If your goal was 10,000 per month then evaluate your pricing packages. How many private homes would you need to clean monthly to reach that goal? How many businesses would it take to reach the target? If you have support then maybe it can be done by taking on more private homes or increasing the fees for servicing businesses.

Our population is just too small. Small gives you the opportunity to be unique and create a premium and quality product. If you look around and see everyone doing the same thing, then it does not make sense to follow the trend. All of you will be competing with the same products in the same space. Rather, find a way to position your products and services in the market so you stand out. Develop unique products, offer exceptional service, personalize your offerings to keep customers coming back.

Rather than listening to the voices around you who are often only repeating what they’ve heard from others, do you own research and listen to your inner expert.

Use the Start a Business in 5 Days Workbook to help you develop your market and sales strategy.

Five Money Mistakes Caribbean Entrepreneurs are Making

It didn’t take me long to compile this list as they are mistakes I’ve made and some of them more than once. With the right systems and discipline you can change your money game in order for your business to stay afloat.

1 – Setting your prices too low. Many entrepreneurs believe that they will get ahead by being the cheapest on the block but that’s not so. If your prices are too low and they don’t allow you to properly serve your customers then they won’t do business with you for long. Don’t be afraid to be more expensive than your competitors if you are offering more value and better service.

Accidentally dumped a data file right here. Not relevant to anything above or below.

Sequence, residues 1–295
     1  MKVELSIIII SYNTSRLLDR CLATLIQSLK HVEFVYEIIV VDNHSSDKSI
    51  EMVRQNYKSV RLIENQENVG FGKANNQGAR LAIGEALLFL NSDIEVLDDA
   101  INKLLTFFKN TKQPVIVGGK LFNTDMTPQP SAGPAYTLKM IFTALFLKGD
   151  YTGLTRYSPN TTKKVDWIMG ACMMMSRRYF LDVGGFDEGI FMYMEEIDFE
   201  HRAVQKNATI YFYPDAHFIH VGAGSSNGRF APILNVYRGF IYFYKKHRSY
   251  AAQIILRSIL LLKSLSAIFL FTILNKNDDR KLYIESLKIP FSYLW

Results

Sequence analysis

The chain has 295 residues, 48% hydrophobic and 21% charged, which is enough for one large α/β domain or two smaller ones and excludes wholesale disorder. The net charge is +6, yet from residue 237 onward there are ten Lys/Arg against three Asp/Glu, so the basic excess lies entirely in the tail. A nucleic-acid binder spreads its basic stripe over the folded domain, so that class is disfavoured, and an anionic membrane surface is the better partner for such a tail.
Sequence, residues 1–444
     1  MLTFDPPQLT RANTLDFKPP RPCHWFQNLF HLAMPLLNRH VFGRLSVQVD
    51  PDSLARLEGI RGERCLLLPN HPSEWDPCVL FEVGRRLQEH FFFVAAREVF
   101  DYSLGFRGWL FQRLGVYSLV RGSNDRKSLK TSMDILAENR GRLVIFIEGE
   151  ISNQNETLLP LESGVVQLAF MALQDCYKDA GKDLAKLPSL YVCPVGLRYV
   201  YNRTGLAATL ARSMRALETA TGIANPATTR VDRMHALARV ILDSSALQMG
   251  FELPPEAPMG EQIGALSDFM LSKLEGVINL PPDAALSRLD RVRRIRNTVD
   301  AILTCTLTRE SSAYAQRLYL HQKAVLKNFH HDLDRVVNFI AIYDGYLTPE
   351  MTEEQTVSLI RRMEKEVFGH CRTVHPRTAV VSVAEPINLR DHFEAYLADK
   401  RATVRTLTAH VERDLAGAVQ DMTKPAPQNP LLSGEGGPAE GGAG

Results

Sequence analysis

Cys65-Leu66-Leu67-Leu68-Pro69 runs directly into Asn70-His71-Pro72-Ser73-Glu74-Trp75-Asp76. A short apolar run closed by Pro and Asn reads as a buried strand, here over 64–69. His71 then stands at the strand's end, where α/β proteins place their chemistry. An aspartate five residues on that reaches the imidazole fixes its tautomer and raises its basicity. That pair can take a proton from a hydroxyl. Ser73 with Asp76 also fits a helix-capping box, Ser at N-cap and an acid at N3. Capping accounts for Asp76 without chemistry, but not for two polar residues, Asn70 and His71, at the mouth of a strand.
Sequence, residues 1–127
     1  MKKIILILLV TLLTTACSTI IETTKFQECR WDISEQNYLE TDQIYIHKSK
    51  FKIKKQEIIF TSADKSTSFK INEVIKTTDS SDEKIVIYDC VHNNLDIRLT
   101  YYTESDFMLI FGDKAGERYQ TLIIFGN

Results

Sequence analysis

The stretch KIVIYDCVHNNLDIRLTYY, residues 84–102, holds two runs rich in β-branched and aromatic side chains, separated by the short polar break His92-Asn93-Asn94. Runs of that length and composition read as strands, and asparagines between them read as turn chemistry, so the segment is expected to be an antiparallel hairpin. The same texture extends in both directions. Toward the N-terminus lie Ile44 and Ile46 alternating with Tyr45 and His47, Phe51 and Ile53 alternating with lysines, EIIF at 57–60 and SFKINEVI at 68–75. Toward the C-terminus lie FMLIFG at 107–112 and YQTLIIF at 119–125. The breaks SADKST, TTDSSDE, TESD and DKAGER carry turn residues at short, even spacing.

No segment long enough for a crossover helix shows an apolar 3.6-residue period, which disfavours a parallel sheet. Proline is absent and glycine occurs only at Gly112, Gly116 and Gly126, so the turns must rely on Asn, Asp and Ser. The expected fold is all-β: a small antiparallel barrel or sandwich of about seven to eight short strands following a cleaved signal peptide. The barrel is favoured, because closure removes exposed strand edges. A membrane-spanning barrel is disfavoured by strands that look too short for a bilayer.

2 – Setting prices based on time and not value. Consider a software developer who may deliver a business application to a client in a matter of days but which allows them to make millions of dollars. If she only charged for the time spent on the work it doesn’t represent the true value of what she delivered, which is the opportunity to make millions. Know the true value of what you provide to your clients and price accordingly. Charging too low sends the message that your work is subpar.

3 – Setting prices based on supplies and not including your time. It may seem like a no brainer but often when you enjoy what you do, you forget to include the fact that it takes you time to do the work and that has a cost. Going to pick up the wood, building the cabinets, delivering and installing them has a value. Keep track of your hours over several tasks to help you understand how much time it takes you to deliver on different types of projects and include that in your quote.

4 – Not saving. Oh happy day. You got paid and there are bills to pay and fun to be had. By all means pay your bills but save as well. While it would be a real ego boost to run out and by that new SUV with your profits, a better plan would be to reinvest the money in the business, even if it means hiring a financial planner, taking a marketing course or purchasing a new computer. Practice this rule. Spend some. Save some. Give some.

5 – Not keeping good records. There is nothing more embarrassing than a bounced check. Take the time to file your bank slips, invoices, and receipts. At all times you should be aware of how much money is outstanding, how much you need to pay out to suppliers and service providers. Design a strategy to collect payments in a timely manner to keep your business out of the red.

Nerissa Golden is an award-winning Media Strategist, Business Coach and author who helps her clients accelerate their business growth by leveraging high impact communications solutions and income generating strategies. Get tips on starting and growing a business at www.trulycaribbean.net. Follow her on Twitter @trulygolden.